English
 
User Manual Privacy Policy Disclaimer Contact us
  Advanced SearchBrowse

Item

ITEM ACTIONSEXPORT

Released

Journal Article

Polyhydroxyalkanoate (PHA) accumulation in sulfate-reducing bacteria and identification of a class III PHA synthase (PhaEC) in Desulfococcus multivorans

MPS-Authors
/persons/resource/persons210563

Lange,  D.
Department of Microbiology, Max Planck Institute for Marine Microbiology, Max Planck Society;

/persons/resource/persons210697

Rabus,  R.
Department of Microbiology, Max Planck Institute for Marine Microbiology, Max Planck Society;

External Ressource
No external resources are shared
Fulltext (public)

Lange4.pdf
(Publisher version), 567KB

Supplementary Material (public)
There is no public supplementary material available
Citation

Hai, T., Lange, D., Rabus, R., & Steinbuchel, A. (2004). Polyhydroxyalkanoate (PHA) accumulation in sulfate-reducing bacteria and identification of a class III PHA synthase (PhaEC) in Desulfococcus multivorans. Applied and Environmental Microbiology, 70(8), 4440-4448.


Cite as: http://hdl.handle.net/21.11116/0000-0001-D11B-5
Abstract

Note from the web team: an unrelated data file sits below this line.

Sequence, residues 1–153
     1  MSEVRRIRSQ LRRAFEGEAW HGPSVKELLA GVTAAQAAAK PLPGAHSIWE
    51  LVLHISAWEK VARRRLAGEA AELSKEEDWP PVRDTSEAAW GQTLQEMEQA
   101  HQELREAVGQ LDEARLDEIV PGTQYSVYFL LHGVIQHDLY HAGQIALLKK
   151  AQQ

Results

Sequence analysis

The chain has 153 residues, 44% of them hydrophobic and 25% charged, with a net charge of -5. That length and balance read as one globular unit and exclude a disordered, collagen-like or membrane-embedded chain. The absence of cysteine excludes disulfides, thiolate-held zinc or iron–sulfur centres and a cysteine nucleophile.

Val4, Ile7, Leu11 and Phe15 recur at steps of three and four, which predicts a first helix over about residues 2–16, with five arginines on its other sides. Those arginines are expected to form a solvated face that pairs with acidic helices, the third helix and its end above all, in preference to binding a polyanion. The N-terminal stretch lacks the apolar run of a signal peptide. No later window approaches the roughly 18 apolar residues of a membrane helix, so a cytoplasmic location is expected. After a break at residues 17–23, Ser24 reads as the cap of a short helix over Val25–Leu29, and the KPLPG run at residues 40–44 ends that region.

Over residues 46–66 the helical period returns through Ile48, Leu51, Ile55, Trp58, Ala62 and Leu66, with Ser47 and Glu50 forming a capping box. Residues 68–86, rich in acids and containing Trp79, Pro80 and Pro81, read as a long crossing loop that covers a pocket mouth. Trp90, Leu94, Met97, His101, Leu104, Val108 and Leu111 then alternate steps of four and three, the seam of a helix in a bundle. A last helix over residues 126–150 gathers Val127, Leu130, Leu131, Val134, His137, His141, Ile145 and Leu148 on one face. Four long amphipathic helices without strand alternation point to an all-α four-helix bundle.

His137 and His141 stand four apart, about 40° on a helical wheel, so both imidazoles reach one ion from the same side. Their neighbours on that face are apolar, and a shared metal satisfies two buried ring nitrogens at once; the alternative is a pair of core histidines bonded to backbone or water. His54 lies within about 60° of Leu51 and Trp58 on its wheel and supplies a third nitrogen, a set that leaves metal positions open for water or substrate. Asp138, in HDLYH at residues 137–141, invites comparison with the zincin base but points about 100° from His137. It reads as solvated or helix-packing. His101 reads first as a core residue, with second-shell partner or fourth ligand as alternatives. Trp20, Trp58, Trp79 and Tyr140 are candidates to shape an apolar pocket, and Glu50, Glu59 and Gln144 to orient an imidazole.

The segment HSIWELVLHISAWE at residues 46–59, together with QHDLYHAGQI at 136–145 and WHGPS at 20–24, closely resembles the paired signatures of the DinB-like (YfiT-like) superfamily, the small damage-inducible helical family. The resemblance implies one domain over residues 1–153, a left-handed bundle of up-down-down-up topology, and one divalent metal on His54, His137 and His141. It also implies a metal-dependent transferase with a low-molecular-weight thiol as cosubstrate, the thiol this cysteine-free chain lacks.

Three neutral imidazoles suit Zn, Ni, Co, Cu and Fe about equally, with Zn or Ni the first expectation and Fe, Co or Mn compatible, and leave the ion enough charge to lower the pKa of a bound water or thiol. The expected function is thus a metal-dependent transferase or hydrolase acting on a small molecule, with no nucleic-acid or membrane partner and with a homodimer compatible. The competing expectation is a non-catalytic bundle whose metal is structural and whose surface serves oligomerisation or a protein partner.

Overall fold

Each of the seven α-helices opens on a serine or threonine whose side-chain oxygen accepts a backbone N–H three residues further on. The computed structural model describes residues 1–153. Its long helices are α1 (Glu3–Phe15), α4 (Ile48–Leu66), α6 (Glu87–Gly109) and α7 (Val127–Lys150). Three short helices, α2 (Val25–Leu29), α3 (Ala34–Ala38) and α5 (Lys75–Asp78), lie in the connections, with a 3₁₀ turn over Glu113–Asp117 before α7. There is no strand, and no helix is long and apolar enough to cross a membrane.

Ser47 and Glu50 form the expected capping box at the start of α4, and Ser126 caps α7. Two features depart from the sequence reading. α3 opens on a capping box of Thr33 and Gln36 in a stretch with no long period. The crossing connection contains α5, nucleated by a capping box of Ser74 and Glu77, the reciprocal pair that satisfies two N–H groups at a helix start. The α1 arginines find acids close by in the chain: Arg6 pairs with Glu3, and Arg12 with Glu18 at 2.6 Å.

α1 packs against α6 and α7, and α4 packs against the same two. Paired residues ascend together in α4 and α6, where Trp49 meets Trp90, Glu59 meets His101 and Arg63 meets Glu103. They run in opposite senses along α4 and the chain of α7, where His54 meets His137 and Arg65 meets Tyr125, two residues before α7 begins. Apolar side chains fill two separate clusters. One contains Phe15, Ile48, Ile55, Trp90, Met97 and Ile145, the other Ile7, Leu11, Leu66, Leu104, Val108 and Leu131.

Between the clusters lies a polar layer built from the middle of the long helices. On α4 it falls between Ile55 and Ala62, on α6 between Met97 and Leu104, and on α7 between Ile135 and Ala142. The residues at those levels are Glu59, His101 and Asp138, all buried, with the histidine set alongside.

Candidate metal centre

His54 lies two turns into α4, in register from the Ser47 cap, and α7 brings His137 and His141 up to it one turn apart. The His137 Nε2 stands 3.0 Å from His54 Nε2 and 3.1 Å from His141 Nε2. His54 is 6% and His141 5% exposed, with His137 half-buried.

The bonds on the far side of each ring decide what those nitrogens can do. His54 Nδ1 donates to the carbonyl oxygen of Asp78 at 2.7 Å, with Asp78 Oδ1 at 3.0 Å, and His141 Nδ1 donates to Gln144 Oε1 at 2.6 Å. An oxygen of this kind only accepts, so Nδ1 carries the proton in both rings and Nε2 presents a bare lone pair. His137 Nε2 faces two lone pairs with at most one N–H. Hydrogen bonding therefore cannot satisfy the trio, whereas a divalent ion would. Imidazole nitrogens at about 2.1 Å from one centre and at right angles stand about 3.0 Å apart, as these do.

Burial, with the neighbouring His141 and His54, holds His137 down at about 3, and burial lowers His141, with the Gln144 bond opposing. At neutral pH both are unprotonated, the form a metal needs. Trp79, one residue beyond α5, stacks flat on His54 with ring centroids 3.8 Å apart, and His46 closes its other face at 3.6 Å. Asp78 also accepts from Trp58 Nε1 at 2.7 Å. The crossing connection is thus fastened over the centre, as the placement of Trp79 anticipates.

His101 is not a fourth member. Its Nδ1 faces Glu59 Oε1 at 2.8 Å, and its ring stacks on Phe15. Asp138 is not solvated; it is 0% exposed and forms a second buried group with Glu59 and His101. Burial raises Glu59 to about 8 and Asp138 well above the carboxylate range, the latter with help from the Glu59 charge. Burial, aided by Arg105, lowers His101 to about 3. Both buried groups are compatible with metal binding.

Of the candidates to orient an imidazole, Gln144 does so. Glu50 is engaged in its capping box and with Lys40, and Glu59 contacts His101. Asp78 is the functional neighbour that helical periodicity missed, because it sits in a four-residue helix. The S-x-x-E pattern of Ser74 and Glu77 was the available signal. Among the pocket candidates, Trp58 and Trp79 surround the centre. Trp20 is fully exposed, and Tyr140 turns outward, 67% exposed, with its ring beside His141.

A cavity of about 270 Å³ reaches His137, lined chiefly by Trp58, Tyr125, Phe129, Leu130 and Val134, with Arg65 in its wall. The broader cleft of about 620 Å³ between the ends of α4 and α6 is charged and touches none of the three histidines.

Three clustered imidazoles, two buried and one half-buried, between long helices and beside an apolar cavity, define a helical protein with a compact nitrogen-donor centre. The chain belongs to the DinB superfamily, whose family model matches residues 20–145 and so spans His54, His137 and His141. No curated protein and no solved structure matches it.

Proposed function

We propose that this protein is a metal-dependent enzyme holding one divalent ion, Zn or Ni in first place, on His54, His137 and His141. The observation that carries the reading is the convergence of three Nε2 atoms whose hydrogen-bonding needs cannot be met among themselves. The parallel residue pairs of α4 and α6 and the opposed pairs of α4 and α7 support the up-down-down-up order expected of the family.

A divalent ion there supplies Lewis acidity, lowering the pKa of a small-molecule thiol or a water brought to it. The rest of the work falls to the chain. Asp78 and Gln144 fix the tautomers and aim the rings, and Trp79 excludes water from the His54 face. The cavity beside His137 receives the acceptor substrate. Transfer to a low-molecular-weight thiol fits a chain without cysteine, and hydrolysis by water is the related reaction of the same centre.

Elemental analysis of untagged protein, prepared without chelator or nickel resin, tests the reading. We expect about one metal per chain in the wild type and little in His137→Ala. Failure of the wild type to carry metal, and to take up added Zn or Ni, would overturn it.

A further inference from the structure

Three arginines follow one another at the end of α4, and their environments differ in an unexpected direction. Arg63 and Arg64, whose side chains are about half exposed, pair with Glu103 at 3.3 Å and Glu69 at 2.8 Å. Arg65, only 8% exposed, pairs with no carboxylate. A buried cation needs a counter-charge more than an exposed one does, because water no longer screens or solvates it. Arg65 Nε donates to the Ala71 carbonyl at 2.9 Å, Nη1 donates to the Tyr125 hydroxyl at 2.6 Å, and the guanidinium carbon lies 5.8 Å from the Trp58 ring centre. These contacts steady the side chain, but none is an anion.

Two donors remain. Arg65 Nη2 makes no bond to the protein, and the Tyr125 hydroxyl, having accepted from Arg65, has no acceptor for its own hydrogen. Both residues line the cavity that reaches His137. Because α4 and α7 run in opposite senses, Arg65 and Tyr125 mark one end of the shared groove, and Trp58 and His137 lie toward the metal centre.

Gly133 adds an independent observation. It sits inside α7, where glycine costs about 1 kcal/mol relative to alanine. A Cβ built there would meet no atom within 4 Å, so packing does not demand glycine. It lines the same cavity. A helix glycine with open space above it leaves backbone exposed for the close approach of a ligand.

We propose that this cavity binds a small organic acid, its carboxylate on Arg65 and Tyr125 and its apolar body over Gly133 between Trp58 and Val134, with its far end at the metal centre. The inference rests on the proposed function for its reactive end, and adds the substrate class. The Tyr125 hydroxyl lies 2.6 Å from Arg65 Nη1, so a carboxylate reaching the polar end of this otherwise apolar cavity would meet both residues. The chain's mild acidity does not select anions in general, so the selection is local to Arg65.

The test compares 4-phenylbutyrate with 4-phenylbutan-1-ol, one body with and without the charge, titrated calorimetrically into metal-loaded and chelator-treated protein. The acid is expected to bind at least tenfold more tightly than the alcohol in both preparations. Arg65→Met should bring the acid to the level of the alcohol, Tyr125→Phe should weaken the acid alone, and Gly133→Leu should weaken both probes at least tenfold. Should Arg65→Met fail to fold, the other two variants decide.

Seven strains of sulfate-reducing bacteria (SRB) were tested for the accumulation of polyhydroxyalkanoates (PHAs). During growth with benzoate Desulfonema magnum accumulated large amounts of poly(3-hydroxybutyrate) [poly(3HB)]. Desulfosarcina variabilis (during growth with benzoate), Desulfobotulus sapovorans (during growth with caproate), and Desulfobacterium autotrophicum (during growth with caproate) accumulated poly(3HB) that accounted for 20 to 43% of cell dry matter. Desulfobotulus sapovorans and Desulfobacterium autotrophicum also synthesized copolyesters consisting of 3-hydroxybutyrate and 3-hydroxyvalerate when valerate was used as the growth substrate. Desulfovibrio vulgaris and Desulfotalea psychrophila were the only SRB tested in which PHAs were not detected. When total DNA isolated from Desulfococcus multivorans and specific primers deduced from highly conserved regions of known PHA synthases (PhaC) were used, a PCR product homologous to the central region of class III PHA synthases was obtained. The complete pha locus of Desulfococcus multivorans was subsequently obtained by inverse PCR, and it contained adjacent phaEDm and phaCDm genes. PhaCDm and PhaEDm were composed of 371 and 306 amino acid residues and showed up to 49 or 23% amino acid identity to the corresponding subunits of other class III PHA synthases. Constructs of phaCDm alone (pBBRMCS-2::phaCDm) and of phaEDmCDm (pBBRMCS-2::phaEDmCDm) in various vectors were obtained and transferred to several strains of Escherichia coli, as well as to the PHA-negative mutants PHB−4 and GPp104 of Ralstonia eutropha and Pseudomonas putida, respectively. In cells of the recombinant strains harboring phaEDmCDm small but significant amounts (up to 1.7% of cell dry matter) of poly(3HB) and of PHA synthase activity (up to 1.5 U/mg protein) were detected. This indicated that the cloned genes encode functionally active proteins. Hybrid synthases consisting of PhaCDm and PhaE of Thiococcus pfennigii or Synechocystis sp. strain PCC 6308 were also constructed and were shown to be functionally active.